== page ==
Janet Hardy, 92. Visionary Johns Hopkins University pediatrics professor co-designed and oversaw a 20-year national study of pregnant women and their children, including 4,000 in Baltimore, which resulted in a rich trove of sociological, medical, and educational data that continues to influence public policy.
Les Harris, 84. Teacher and artist whose sublime, labyrinthine, and outré Amaranthine Museum in Woodberry obsessively traced art, culture, and civilization from the ancients to the moderns through his numerous stylized paintings, all of which he delighted in showing and discussing with visitors.
John Hogan, 73, and Tom Lewis, 68. Two members of the famed Catonsville Nine who ratcheted up protest activities against the Vietnam War in May 1968 by burning draft records with homemade napalm at a selective service board in suburban Baltimore. Their civil disobedience drew national attention and resulted in prison terms. Each continued to work for peace and social justice throughout his life: Hogan in Connecticut; Lewis in Massachusetts.
Samuel Hopkins, 95. Great-grandnephew of iconic local philanthropist Johns Hopkins worked as an attorney and businessman, served in the General Assembly, founded the city’s Citizens Planning and Housing Association, and advocated relentlessly for historic preservation.
Gordon Kamka, 68. As the progressive-minded state corrections secretary (1979-1981), the former Baltimore City Jail warden (1973-1979) emphasized training and educating inmates, while introducing early-release and work-release programs.
Theodore Klitzke, 92. Effective administrator/educator at Maryland Institute College of Art twice served as acting president and taught an essential history of printmaking course. As a civil rights activist he marched in Alabama in 1965 with Rev. Martin Luther King Jr.
Marty Lev, 81. For a half-century, his Edmart Deli, "Pikesville’s Biggest Little Delicatessen," dispensed corned beef, brisket, creamed fish, chopped liver, cabbage soup, pastrami, meat knishes, and a bevy of other Jewish delicacies to eager customers on Reisterstown Rd.
Edward Lewison, 94. Noted surgeon and founder of Johns Hopkins Hospital’s Breast Clinic significantly improved outcomes for women stricken by the disease by pioneering self-examination detection techniques and researching the link between breast cancer and use of birth control pills.
Maynard Lowery, 88. Master boat builder and designer, famed for his Cape Cod catboats (a sailboat), methodically hand-crafted his creations from logs in his Tilghman Island workshop, producing both efficient commercial and elegant recreational watercrafts.
Arthur Murphy, 57. Forward-thinking political consultant and campaign manager helped engineer victories in judgeship races for his father, eminent civil-rights attorney and judge William H. Murphy Sr., and his brother, Billy Murphy; also guided Virginia Governors L. Douglas Wilder and Chuck Robb to wins.
Buzz Nutter, 77. Under-appreciated center on the Baltimore Colts’ legendary offensive line when the team won consecutive championship titles in 1958 and 1959. His solid blocking enabled stars Johnny Unitas, Alan Ameche, and Raymond Berry to excel.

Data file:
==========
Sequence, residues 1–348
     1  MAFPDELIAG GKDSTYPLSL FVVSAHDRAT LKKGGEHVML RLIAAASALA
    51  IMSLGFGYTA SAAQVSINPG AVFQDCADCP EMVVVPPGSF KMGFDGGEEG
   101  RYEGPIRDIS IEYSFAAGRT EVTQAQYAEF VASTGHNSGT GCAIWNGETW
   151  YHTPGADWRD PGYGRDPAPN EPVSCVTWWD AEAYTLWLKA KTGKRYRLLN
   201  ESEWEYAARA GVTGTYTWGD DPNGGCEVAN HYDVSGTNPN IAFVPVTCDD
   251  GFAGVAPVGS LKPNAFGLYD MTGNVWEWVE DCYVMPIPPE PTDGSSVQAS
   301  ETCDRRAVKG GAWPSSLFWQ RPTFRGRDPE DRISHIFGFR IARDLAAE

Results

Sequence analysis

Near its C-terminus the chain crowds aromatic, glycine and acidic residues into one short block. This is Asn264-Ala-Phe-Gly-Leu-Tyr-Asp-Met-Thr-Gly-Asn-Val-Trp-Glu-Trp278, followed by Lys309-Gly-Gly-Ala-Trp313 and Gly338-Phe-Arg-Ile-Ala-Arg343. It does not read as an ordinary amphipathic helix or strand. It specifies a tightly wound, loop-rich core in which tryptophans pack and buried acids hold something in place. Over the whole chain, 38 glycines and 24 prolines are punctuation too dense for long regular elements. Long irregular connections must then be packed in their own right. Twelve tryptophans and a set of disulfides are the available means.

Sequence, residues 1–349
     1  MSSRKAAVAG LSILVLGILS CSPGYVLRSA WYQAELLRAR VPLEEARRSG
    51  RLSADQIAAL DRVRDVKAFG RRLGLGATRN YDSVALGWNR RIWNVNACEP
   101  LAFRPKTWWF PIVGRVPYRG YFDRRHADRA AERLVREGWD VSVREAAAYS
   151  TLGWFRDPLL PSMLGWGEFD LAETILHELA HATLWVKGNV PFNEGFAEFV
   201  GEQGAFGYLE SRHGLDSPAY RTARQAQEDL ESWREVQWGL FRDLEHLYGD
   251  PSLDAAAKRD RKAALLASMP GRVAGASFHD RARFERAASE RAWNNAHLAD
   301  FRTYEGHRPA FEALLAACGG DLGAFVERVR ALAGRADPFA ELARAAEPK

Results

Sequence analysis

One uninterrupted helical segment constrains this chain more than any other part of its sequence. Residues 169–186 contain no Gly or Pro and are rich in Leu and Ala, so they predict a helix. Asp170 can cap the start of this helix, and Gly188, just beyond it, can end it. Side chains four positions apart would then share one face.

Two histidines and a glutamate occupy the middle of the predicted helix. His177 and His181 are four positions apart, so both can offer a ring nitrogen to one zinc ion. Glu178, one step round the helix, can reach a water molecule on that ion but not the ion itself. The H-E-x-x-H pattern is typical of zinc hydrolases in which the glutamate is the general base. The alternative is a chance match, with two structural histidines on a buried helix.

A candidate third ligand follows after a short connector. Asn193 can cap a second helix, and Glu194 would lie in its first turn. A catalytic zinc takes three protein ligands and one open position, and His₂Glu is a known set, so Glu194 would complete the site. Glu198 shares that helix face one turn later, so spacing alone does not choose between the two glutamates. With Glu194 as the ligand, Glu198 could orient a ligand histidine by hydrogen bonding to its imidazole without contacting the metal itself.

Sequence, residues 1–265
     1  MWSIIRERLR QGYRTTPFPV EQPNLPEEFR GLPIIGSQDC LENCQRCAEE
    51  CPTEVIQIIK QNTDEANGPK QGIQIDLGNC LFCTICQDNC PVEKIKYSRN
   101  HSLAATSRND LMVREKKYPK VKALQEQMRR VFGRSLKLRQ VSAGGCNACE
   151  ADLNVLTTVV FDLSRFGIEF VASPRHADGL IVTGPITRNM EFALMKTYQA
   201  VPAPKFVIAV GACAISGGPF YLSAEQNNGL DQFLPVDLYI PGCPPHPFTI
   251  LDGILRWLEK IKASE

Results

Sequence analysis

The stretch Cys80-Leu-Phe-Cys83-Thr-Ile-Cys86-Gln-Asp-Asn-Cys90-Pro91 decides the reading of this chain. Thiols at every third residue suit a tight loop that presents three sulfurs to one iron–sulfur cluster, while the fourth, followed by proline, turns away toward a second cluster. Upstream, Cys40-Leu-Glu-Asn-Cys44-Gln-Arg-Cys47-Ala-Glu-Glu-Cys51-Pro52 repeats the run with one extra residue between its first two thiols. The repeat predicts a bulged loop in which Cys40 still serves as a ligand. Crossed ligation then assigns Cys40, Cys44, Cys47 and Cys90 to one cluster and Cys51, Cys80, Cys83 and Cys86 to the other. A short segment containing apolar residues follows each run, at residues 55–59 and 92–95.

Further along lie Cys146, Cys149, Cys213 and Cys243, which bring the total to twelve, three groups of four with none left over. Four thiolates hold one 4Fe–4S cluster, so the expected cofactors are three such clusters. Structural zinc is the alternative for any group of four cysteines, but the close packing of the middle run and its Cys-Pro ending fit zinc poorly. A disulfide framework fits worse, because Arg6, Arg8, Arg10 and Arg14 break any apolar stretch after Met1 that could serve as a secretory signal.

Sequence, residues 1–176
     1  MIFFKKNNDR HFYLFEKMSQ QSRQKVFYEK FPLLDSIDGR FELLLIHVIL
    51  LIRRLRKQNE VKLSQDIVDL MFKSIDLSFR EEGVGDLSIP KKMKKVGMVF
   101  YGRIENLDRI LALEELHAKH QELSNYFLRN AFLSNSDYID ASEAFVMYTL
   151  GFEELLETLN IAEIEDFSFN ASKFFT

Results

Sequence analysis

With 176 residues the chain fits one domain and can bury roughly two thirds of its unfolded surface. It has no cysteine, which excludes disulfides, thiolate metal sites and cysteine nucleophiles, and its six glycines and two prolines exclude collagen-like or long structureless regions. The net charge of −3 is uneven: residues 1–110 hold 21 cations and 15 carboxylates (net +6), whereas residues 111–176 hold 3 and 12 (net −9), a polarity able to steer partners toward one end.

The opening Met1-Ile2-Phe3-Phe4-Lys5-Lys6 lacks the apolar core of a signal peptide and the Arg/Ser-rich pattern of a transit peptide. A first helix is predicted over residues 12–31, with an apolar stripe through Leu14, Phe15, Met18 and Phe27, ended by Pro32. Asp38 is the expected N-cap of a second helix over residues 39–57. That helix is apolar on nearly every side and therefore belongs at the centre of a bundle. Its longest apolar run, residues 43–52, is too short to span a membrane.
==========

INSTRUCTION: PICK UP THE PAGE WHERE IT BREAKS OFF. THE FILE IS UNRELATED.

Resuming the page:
Thaddeus Prout, 83. Greater Baltimore Medical Center’s first chief of medicine and nationally recognized endocrinologist prompted the U.S. Food and Drug Administration to withdraw a dangerous diabetes medication from the market and stop use of amphetamines in diet pills.
Roger Redden, 75. Cultured attorney spent 25 years revising and simplifying the myriad statutes of Maryland’s complex Code of Laws, and in nearly 30 years as a Piper and Marbury (now DLA Piper) partner, established bona fides in the fields of government bond financing and public utilities.
Pat Santarone, 79. As the Orioles’ head groundskeeper at Memorial Stadium from 1969 to 1991, he tended an immaculate field for the sure-handed Brooks Robinson, Mark Belanger, and Paul Blair, while engaging in an annual tomato plant-growing showdown with team manager Earl Weaver.
Zach Sowers, 28. The brutal beating of this financial analyst during a June 2007 robbery by four teens horrified city residents and helped prod the Dixon Administration into a refocused offensive against violent crime. The attack left Sowers in a coma until his death this past March.
Charles Tildon Jr., 81. Civic activist, public school teacher, civil servant, and president of Baltimore City Community College tirelessly worked toward racial justice and parity in education as founder of the Black/Jewish Forum and motivating force behind a handful of other community organizations.
Granville Trimper, 79. Third-generation owner of vast Ocean City boardwalk amusement park complex (vintage carousel, whipsaw rides, and putt-putt courses) that entertained visitors and locals alike; also served as longtime O.C. city councilman and interim mayor.
Mihaly "Misi" Virizlay, 76. Virtuosic cellist spent 42 years with the BSO while carving out parallel careers as an educator at Peabody Conservatory, composer, and performer who toured internationally.